After getting a sense of your geographic zone, keep reading for the favorite full-sun plants of Mast and assistant manager at Pistils Nursery Eden Haskins-Dahl, all of which are relatively low-maintenance and suitable for newly pruned green thumbs. “While it’s typically best to start seeds in the springtime, if you’re just getting started now, you should still be able to find all of these plants at your local nursery,” says Haskins-Dahl. Another bonus: They’ll typically stock the cultivars that are suitable for your zone, she adds, which removes the guesswork of choosing which full-sun plants will thrive in your space.
Here are 6 full-sun plants great for enlivening an extra-sunny yard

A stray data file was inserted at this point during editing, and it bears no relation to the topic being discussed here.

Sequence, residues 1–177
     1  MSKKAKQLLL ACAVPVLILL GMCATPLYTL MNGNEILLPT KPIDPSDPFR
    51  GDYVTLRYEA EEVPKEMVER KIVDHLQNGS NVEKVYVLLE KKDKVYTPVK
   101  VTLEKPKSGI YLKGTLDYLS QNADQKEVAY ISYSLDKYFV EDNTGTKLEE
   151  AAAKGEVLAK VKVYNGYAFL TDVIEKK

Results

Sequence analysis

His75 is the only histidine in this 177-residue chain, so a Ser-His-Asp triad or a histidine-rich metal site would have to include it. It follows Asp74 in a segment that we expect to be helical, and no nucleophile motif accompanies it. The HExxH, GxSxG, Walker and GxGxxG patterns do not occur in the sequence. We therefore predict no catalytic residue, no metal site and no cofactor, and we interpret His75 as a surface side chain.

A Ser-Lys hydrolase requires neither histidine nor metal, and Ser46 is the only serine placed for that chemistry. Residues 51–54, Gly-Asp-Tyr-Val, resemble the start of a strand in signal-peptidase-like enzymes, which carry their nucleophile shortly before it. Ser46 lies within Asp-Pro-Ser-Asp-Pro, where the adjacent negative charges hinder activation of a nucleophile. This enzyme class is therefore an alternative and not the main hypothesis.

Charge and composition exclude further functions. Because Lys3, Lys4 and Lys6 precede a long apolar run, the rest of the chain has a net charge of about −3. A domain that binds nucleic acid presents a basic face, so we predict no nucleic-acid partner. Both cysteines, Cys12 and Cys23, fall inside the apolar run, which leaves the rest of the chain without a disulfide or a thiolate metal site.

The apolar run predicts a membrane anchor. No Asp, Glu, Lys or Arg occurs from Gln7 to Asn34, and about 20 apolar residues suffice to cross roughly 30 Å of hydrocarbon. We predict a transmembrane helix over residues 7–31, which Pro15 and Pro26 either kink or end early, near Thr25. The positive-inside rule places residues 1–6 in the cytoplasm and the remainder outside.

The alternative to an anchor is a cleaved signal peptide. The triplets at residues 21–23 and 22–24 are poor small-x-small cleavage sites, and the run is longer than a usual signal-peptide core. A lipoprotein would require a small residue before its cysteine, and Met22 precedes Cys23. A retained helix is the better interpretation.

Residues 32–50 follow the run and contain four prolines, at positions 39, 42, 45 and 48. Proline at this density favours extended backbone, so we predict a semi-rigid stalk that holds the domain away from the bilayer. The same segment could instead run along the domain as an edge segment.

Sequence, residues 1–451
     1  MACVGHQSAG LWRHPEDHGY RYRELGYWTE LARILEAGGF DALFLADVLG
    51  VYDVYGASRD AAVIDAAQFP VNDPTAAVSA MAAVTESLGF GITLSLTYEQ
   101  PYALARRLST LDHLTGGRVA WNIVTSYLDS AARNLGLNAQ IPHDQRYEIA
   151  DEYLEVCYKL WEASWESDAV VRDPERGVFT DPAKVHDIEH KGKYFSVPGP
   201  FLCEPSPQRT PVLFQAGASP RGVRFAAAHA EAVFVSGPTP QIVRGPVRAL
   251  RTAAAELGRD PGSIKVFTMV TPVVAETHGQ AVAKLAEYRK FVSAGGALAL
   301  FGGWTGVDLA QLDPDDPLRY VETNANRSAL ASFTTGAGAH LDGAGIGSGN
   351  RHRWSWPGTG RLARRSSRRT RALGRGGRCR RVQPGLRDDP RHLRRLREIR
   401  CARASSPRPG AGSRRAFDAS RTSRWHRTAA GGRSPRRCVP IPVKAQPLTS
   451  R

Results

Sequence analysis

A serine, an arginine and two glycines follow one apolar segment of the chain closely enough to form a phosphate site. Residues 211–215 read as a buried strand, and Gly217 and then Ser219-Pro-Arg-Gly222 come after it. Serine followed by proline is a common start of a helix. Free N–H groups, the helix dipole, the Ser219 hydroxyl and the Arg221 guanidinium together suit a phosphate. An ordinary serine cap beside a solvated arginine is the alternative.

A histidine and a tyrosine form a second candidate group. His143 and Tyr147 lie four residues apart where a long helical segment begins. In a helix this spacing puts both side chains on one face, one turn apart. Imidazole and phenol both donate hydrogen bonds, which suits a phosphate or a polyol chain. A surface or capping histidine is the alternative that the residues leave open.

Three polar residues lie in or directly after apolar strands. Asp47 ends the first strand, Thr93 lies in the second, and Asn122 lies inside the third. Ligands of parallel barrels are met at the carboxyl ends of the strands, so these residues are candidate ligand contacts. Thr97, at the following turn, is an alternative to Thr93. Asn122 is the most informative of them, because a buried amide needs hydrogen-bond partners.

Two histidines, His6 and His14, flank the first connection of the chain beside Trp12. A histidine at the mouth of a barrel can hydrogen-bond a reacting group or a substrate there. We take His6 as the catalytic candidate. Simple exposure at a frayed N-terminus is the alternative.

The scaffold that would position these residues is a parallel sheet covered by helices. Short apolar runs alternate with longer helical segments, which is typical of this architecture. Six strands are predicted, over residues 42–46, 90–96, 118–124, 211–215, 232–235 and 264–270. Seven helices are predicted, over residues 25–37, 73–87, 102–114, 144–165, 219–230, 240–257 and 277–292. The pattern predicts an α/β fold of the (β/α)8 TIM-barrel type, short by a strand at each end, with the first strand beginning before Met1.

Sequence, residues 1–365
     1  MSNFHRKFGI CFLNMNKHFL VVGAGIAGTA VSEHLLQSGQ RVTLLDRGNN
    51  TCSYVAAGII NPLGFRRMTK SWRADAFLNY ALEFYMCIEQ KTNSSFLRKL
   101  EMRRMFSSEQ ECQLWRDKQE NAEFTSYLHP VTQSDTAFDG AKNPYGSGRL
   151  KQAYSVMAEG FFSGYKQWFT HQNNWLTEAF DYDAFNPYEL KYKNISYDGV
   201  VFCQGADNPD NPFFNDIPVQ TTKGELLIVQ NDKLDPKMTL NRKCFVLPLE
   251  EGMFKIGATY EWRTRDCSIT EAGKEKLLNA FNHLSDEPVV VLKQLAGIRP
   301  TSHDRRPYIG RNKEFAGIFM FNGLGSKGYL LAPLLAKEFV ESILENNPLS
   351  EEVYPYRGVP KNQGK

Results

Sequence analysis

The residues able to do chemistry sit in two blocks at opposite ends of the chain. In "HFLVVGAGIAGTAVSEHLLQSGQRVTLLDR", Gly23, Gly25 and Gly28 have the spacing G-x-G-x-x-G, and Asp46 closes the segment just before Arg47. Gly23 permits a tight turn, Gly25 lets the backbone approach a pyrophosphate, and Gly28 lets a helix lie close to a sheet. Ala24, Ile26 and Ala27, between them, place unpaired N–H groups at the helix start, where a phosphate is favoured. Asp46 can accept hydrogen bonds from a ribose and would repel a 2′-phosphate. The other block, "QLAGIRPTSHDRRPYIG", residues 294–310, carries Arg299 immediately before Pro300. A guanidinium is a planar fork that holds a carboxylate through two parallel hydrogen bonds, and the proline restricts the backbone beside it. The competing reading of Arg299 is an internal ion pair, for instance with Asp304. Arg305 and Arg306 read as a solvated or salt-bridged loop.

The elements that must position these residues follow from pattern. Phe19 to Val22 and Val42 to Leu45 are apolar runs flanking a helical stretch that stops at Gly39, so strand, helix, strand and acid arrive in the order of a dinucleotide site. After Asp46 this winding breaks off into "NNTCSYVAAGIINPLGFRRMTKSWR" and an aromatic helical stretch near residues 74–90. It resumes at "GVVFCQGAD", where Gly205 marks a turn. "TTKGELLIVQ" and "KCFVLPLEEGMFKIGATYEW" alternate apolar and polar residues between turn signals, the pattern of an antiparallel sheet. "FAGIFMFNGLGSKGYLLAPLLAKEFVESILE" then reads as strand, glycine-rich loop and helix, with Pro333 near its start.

Bunches of little petunia-like blooms give calibrachoa its common name of “million bells” and make it an ideal outdoor plant for trailing over the edges of a container or serving as ground cover. Mast loves the Uno Pink Strike variety for its dazzling purple-to-pink color—and like most calibrachoas, it’s easy to care for. “Water often, just before the soil gets dry, as they do not like to fully dry out,” says Mast. (As a reminder, Haskins-Dahl says, container plants always require more frequent watering than plants in the ground, since they aren’t able to draw water and nutrients from surrounding soil.)
If you’re planting directly in the ground, also make sure your soil is well-draining and rich—or amend it with compost if it feels silty or sandy to the touch. And typically, you don’t need to deadhead calibrachoas (i.e. remove their spent blooms), adds Mast, “but if they start getting leggy or stretched out, feel free to trim the flowers and foliage back to promote growth.”